Old Testament Prophets - Isaiah

Author: Fr. William Most

The Final Judgment of the whole World. Summary and Comments. Chapter 24

After foretelling the doom of so many nations, not strangely Isaiah as it were sums it up, and speaks of the great Day of the Lord. The words "day of the Lord" could be used for lesser occasions, but especially meant the final reckoning. He says it will be the same for all classes of people, for it is time to reckon. Of course, the good will fare well in the long run: the reckoning for them is favorable; not so for the wicked.

He says the earth will be totally laid waste. This is Semitic hyperbole and apocalyptic language. - Apocalyptic is a genre in which bizarre images are used, it foretells cataclysmic events and often secret things. The original readers knew well they needed to reduce the wording-- though it was not always clear how far. --Some think apocalyptic was not known as early as Isaiah. We agree that full blown long passages are far in the future from Isaiah. But we did see touches of it in Isaiah 13:9- 10 for the fall of Babylon. There the prophet said that the stars will not give their light, the sun will be dark at its rising. Similar language appears again in Isaiah 34:4 on the fall of Edom, and in Ezek 32:7-8 for the punishment of Egypt. There will be more of it in Matthew 24. And 2 Peter 3:12-13 says the heavens will be destroyed in fire and the elements will melt. But the fire is a purifying and refining one. Hence 2 Peter continues, saying that there will be a new heavens and a new earth.

He says that the reason is that people have defiled the earth and disobeyed the laws. So a curse will strike, and very few will be left.

What is the city that will be left in ruins? Probably he has in mind Babylon, which stands for the world power opposed to God.

At first it may seem strange, but often in 24:14 Isaiah begins to speak of praise from the east and from the west for the Lord. They sing: "Glory to the righteous One." This is the same sense as a favorite title used by Isaiah for God: the Holy One. Holy means that He loves and observes all that is right. Perhaps in the background of his thought is the event of 2 Chronicles 32:23, when after the Lord's victory over Sennacherib in 701, many brought gifts to Jerusalem to the good king Hezekiah.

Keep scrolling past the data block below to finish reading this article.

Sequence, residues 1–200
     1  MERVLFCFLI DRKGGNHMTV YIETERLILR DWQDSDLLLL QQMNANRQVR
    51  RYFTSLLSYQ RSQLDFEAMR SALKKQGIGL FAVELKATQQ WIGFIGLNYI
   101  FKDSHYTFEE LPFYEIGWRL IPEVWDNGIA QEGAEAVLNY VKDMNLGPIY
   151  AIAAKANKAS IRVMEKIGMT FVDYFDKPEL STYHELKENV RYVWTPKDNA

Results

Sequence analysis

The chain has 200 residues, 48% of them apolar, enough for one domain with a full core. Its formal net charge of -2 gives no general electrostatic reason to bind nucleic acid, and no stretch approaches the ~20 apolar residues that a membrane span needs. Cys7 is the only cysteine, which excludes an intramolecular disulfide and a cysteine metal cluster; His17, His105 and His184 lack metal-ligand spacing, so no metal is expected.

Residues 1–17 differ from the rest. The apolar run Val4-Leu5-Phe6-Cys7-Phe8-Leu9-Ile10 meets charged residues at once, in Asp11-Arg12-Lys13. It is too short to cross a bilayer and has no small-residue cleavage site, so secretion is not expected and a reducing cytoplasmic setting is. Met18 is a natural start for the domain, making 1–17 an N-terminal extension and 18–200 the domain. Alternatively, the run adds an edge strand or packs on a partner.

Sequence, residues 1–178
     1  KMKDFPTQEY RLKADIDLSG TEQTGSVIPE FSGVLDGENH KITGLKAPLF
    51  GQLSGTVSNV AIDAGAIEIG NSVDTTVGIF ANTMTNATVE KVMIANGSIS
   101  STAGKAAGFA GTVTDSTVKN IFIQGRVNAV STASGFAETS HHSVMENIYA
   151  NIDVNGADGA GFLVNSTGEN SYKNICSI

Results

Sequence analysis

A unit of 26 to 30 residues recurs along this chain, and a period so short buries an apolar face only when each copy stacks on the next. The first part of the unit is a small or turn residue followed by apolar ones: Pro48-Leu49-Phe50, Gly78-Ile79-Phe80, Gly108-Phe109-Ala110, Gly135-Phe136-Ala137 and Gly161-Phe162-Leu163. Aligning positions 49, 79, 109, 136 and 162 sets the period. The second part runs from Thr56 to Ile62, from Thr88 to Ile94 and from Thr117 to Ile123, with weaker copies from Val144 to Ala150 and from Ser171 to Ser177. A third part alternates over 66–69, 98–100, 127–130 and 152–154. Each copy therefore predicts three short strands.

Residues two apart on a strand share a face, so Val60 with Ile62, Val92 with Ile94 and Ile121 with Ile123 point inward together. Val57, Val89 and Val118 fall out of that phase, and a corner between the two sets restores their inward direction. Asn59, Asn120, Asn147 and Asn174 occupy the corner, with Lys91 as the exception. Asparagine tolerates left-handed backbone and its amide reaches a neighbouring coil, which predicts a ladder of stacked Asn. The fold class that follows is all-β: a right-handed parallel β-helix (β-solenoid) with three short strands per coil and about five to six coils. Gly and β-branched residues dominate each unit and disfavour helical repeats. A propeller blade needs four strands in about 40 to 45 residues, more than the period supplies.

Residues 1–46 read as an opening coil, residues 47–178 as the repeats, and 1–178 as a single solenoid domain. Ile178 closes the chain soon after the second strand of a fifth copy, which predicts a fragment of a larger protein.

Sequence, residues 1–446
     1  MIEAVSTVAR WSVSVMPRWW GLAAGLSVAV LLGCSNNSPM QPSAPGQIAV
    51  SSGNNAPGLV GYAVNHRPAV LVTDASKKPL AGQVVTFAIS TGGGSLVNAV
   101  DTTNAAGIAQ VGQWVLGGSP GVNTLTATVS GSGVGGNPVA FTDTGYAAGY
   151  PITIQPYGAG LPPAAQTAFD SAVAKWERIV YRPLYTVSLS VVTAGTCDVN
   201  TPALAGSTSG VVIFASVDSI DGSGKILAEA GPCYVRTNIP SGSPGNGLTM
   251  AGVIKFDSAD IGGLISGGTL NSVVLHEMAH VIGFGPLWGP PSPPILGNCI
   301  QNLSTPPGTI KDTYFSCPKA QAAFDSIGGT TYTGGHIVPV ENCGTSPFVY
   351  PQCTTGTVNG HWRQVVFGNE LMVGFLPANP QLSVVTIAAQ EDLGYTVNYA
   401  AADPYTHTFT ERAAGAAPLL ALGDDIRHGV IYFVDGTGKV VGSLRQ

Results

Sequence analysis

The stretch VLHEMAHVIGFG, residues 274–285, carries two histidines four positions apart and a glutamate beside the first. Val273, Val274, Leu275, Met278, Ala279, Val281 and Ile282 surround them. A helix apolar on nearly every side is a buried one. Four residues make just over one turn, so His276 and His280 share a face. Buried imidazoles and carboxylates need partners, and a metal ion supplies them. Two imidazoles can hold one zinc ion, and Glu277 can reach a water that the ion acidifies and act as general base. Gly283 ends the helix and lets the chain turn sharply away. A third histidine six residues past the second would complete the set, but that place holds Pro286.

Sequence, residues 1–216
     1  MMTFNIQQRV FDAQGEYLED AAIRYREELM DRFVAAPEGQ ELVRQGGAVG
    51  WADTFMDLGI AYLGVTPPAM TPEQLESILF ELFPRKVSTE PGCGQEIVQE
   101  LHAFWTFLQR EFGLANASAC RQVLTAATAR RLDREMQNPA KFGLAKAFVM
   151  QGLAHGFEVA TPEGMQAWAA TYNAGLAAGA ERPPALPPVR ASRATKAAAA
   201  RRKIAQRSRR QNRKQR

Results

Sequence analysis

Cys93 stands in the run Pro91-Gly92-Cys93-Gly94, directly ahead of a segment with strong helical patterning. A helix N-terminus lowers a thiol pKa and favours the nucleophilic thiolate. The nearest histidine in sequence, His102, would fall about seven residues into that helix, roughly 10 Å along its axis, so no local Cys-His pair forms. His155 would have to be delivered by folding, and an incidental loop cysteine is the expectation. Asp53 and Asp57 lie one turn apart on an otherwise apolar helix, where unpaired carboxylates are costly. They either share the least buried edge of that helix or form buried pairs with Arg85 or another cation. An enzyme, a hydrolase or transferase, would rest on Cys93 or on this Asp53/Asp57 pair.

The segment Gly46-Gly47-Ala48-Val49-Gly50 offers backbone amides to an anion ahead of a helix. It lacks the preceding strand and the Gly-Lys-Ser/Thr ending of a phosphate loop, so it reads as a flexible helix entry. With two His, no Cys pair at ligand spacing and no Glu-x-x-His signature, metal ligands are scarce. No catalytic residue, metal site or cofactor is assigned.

Then gloom comes again to the prophet's mind so that he says:I waste away. The floodgates of the heavens are opened - does he think of the language used for the deluge? -- and the earth reels like a drunkard.

The prophet next says in 24:24 that the Lord will punish even the powers in the heavens and the kings on the earth below. So it seems the powers are not the same as the kings - powers above, kings below. He must be thinking of the powers of evil spirits - we think of the words of St. Paul (Eph 2:2) about "the prince of the air". Then again comes more apocalyptic language: the moon will be confounded and the sun ashamed, before the Lord of Hosts.

The Kingdom of God and Salvation. Summary and Comments. Chapter 25

The whole of chapters 24-27 speak of the end times. They include an intermixture of dire prophecies and of praise of God.

Now Isaiah exalts God as doing marvelous things which He had planned long ago. For in His eyes, time is as nothing: a thousand years are as one day.

The city is reduced to rubble. It obviously stands for the forces opposed to God. Babylon as we have seen is often spoken of in that way.

Some people will honor God when they see His great works in destroying the proud city and protecting His own.

But later all people, including those a first punished are invited to a rich feast which the Lord prepares on Mount Zion. We naturally recall the words of the prophet about all people streaming to Jerusalem, in chapter 2. He will swallow up death forever - we think naturally of the imagery of the Apocalypse (21:4-5) at the end of the New Testament where death will be no more, and God will wipe away all tears.

Commentators are not in agreement as to the meaning of the covering, which some versions translate as shroud, that covers all nations. Some suggest it means spiritual blindness, which will be removed finally: cf. 2 Cor 3:15-18. Then there will be a song of praise for the victory of God, whose hand will rest on Mount Zion, while His feet will trample Moab - a symbol of the forces opposed to Him. (The plains of Moab could be clearly seen from Jerusalem).

Thanksgiving of Judah. Summary and Comments. Chapter 26

The redeemed, typified by the land of Judah, will sing then: we have a strong city. It does not mean Jerusalem, but God Himself is their Rock - a frequent name for Him in the OT -- and their strength. So they can open the gates without fear to let the righteous enter.